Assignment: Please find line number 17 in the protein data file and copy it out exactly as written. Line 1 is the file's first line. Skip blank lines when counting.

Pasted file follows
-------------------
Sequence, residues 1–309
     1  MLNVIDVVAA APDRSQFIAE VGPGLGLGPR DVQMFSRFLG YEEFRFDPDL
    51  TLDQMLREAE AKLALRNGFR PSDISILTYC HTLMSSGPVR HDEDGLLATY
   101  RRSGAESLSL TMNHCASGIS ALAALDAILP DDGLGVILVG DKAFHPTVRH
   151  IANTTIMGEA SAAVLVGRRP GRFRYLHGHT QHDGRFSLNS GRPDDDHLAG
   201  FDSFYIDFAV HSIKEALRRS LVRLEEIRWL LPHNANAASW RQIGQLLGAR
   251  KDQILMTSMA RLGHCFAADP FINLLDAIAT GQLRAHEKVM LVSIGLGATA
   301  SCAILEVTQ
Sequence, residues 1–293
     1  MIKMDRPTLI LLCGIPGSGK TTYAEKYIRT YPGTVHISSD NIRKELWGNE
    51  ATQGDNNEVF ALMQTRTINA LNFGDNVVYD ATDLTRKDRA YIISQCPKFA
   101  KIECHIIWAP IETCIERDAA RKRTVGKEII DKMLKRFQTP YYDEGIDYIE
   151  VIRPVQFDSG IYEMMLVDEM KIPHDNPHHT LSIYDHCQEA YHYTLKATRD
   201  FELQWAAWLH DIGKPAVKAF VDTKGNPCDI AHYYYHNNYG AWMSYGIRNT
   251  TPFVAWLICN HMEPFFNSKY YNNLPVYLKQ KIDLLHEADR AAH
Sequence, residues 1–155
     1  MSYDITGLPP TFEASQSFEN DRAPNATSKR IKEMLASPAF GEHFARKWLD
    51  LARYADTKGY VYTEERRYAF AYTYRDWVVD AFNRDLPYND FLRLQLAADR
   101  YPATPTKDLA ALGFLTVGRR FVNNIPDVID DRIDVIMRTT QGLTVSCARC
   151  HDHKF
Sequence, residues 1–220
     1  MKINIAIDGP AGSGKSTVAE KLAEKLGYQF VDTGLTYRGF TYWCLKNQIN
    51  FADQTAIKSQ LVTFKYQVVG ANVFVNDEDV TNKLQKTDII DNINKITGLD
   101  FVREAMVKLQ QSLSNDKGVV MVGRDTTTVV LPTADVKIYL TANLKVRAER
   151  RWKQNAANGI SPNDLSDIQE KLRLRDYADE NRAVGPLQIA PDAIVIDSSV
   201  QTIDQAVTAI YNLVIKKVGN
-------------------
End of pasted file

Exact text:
     1  MSYDITGLPP TFEASQSFEN DRAPNATSKR IKEMLASPAF GEHFARKWLD